Women Entrepreneurship in India is Over-represented in Numbers
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On papers, women represent about 20 per cent of total enterprises in India. But a closer look tells a different story.
A number of enterprises reported as women owned are not in fact controlled or run by women, according to a joint report by Bain & Company and Google. Accounting for enterprises disguised as women-owned, Bain’s analysis suggests that the total share of enterprises that are truly owned and run by women is likely to be lower than 20 per cent.
That makes women-owned businesses less than 4 per cent of the total.
“A combination of financial and administrative reasons leads to women being “on paper” owners with little role to play,” said Megha Chawla, Partner, Bain & Company and lead author of the report. “To provide economic independence to women, enterprises need to be owned, controlled or run by women.”
That’s not all. The report further shows that women-owned businesses are largely single-person enterprises, which not only translate to lower returns but also limit employment opportunities. Only 17 per cent of all women-owned enterprises employ hired workers, the report shows.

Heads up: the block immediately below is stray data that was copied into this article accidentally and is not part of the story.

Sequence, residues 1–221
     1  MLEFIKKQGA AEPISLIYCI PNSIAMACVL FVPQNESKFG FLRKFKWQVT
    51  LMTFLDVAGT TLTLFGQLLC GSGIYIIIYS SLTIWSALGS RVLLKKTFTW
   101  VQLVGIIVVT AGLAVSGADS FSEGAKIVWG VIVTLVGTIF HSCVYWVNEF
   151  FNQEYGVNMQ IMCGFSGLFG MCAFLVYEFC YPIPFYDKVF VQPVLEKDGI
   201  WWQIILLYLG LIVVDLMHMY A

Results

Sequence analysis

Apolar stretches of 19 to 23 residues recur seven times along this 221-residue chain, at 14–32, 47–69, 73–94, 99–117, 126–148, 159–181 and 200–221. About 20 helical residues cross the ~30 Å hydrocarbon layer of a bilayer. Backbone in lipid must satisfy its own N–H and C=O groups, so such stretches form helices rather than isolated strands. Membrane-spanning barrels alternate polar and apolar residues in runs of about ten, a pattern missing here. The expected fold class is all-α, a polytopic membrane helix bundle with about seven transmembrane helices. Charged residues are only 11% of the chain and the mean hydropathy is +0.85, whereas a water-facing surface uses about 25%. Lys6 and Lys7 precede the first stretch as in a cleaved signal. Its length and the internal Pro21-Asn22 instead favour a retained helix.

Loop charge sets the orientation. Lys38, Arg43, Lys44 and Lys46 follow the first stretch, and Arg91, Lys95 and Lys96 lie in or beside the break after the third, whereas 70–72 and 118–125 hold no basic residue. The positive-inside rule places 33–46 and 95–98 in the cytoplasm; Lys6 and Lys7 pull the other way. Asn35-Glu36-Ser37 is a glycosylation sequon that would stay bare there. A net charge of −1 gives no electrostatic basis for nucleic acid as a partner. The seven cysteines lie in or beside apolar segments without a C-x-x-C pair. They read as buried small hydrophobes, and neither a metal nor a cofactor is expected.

This calls for a push to enable women entrepreneurs to start up and scale as it can help increase direct employment by 50-60 million people and indirect and induced employment of another 100-110 million in the next ten years.
Women Worst Hit in Ongoing Unemployment Crisis
Amidst the ongoing unemployment crisis in India, women who are actively participating in the workforce are 2.9 times more likely than men to be unemployed. Overall unemployment in India is 7 per cent, but unemployment among women is 18 per cent. In addition, unemployment for women with a tertiary education is even worse, shows the report.
As per a 2019 study by the Centre for Monitoring India Economy (CMIE), women graduates are more than 3.5 times more likely than their male peers to be unemployed. Part of this problem could be that women typically hold most of the administrative and data-processing roles that artificial intelligence (AI) and other technologies threaten to usurp, according to a 2019 study by the Institute of Women’s Policy Research.
The labour force participation rate (LFPR) in India, already one of the lowest in the world at 25 per cent, is also on a decline.
India’s Growth Story Ignoring Women
Women’s potential remains an untapped resource for India’s social and economic progress.
Of the approximately 432 million working age women in India, an estimated 324 million (75 per cent) are not engaged in formal work. Futher, although women represent 42% of the agricultural labour force in India, women own just 2% of farmland.